|The Corner Institute: Community security for rural Mexico|
|Programs for migrants' children|
|Crisis support for migrants' families|
|Local job creation|
When the Corner Institute’s team received our first request for help from the relatives of a local man who’d been murdered, our initial reaction was that, though of course we wanted to help the neighbors who’d suffered this tragedy in any way we could, taking on a murder case seemed beyond the capabilities of a small organization like ours, challenged as we were just keeping up with requests for crisis assistance to the region’s migrants’ families and children. At the same time, our crisis support to migrants’ families, including helping the many families requesting help bringing their migrant relatives’ bodies home for burial (the photo above shows a local funeral home’s storefront sign advertising “Bodies brought from the U.S.A”) had drawn us into a series of crime-related cases.
This daunting work had in fact led to some valuable insight into how the lack of local services created windows of opportunity for crime and corruption, while exposing us to some encouraging experiences with the ways even a small organization like ours could work with local agencies to create the kind of transparency needed to reduce corruption and help prevent crime. In fact, time and again we’d been able to help migrants’ families find justice after being victims of the many kinds of abuse their vulnerability makes them subject to. The negligent employer of a Malinalco migrant father killed on a Virginia logging job being forced to take responsibility meant the insurance benefits kept our migrant’s two sons in school through high school and on to college. The Georgia detention center where a Malinalco migrant died after falling ill in detention and receiving inadequate medical care was obligated to conduct an investigation, resulting in the firing of employees, and a U.S. government compensation being paid to the migrant’s widow and children.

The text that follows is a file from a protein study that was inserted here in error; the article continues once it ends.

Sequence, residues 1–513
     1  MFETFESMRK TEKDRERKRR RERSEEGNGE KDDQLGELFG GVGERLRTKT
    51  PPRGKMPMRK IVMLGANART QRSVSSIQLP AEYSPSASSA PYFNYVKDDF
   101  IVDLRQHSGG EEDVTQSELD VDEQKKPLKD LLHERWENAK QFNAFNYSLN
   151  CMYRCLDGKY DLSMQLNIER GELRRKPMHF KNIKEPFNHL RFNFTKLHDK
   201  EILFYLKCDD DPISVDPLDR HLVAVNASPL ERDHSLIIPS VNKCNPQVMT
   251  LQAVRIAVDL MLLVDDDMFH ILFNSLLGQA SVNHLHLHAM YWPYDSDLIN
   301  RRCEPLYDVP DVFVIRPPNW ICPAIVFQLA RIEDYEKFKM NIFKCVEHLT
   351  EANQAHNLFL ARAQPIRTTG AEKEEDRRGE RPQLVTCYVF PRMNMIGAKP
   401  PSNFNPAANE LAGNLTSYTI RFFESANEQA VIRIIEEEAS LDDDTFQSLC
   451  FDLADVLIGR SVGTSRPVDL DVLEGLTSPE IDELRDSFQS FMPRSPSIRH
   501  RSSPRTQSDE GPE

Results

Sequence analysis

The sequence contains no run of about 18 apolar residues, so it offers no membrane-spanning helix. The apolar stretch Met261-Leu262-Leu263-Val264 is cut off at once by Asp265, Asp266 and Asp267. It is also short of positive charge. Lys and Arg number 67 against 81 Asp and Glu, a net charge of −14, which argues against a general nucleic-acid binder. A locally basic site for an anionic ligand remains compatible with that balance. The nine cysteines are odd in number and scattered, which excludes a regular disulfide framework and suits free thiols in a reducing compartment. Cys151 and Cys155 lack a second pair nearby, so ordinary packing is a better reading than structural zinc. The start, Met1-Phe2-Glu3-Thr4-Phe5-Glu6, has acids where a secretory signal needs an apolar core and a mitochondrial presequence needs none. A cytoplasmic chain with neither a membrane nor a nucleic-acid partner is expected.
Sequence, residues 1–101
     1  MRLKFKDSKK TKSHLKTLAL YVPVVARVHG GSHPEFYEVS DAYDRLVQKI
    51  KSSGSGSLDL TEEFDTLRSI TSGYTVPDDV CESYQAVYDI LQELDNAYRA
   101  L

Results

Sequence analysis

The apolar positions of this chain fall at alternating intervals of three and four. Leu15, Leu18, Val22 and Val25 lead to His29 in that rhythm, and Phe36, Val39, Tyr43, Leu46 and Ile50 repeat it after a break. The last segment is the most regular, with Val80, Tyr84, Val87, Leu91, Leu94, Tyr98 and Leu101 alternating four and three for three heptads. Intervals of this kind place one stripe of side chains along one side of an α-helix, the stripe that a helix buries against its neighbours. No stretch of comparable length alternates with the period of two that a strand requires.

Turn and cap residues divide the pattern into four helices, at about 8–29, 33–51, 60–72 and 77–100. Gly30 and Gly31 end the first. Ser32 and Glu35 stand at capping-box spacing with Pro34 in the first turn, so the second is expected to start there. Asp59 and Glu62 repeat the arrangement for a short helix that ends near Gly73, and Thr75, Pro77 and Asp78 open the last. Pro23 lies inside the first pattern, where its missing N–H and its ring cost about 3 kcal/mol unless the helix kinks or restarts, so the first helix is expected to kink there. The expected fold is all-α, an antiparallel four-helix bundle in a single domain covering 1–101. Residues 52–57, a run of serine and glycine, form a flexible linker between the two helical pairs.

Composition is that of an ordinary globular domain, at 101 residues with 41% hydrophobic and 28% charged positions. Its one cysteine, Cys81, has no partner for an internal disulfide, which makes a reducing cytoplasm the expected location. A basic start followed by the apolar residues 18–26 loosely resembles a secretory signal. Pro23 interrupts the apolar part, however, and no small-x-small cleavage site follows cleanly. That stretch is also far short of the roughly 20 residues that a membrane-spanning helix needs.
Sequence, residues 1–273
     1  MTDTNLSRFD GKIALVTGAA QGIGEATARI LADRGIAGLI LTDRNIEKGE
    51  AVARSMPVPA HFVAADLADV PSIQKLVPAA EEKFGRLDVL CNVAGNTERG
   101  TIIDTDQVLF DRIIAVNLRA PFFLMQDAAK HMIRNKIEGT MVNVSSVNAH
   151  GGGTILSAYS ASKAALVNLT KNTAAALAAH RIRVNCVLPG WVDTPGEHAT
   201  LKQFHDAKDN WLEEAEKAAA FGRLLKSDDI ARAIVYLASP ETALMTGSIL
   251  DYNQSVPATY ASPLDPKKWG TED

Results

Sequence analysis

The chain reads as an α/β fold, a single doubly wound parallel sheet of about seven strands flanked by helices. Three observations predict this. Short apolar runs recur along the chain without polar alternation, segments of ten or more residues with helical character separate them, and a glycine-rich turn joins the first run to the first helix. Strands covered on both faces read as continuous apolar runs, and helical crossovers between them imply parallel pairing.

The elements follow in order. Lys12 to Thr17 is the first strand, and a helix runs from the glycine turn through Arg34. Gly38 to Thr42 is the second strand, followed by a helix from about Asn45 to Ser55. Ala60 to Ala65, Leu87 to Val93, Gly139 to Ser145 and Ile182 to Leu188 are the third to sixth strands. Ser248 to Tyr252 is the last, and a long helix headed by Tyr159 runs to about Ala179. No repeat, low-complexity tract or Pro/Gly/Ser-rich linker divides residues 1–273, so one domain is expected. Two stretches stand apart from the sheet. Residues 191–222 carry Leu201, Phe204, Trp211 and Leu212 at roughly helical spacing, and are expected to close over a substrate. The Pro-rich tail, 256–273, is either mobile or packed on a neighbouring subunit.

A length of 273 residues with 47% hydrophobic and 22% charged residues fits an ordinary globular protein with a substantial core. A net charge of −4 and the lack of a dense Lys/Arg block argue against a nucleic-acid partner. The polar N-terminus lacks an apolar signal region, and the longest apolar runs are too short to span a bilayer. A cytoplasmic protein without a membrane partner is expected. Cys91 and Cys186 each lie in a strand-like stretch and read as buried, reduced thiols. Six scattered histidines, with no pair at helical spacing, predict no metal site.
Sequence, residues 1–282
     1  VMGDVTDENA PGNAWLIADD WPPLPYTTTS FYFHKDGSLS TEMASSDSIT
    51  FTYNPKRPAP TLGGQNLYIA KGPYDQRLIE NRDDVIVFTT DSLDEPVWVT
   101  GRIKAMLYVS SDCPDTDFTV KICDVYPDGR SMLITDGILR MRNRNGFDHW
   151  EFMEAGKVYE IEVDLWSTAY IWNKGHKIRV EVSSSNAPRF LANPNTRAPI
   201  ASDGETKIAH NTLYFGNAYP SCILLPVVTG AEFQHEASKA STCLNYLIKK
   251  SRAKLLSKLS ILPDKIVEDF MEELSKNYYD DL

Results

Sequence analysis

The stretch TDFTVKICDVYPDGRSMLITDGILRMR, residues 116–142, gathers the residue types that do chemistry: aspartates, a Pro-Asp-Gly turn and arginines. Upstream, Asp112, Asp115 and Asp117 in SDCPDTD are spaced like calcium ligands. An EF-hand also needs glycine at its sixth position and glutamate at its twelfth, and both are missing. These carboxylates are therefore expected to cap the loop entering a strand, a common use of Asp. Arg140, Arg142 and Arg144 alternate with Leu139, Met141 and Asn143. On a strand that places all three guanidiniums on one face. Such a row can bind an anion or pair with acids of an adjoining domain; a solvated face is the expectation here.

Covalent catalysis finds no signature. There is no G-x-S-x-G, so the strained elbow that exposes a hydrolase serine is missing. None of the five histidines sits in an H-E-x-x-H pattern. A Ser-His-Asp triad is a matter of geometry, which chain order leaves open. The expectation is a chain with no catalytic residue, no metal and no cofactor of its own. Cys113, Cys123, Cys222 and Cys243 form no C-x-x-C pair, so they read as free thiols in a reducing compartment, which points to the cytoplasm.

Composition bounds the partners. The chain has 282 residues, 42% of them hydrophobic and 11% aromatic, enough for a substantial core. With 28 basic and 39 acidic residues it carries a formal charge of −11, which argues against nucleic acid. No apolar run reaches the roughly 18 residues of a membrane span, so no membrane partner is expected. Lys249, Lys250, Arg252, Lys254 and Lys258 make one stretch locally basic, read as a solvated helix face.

In 2014, with initial support from a congregation of Ohio nuns and Mexico’s Institute for Human Rights and Democracy, the Corner Institute began working in collaboration with a broad selection of local agencies to provide our area’s citizens with simple hand-outs and fliers with the information required for them to successfully access needed services without being forced to pay excessive costs or to be drawn into the kind of fraudulent transaction that facilitates corruption and further vulnerability to crime. Carrying out this project was an education in itself, as our region’s outlying areas experienced increasing incursions by organized crime.
Starting in 2016 the Corner Institute has partnered with a group of international, national and regional agencies and organizations (including Catholic Relief Services, Mexico’s Jesuits for Peace) to extend our community security project to communities beyond the region comprised by the Municipality of Malinalco and the neighboring municipalities of Ocuilan, Joquicingo and Tenancingo. Our newest community security project is designed to replicate our “grassroots transparency” model by systematizing the methods we’ve designed to help vulnerable populations in underserved rural areas like Malinalco, so they can be applied by volunteer groups throughout 1200 square mile region represented by Malinalco’s Diocese of Tenancingo .
|Support our work
with a donation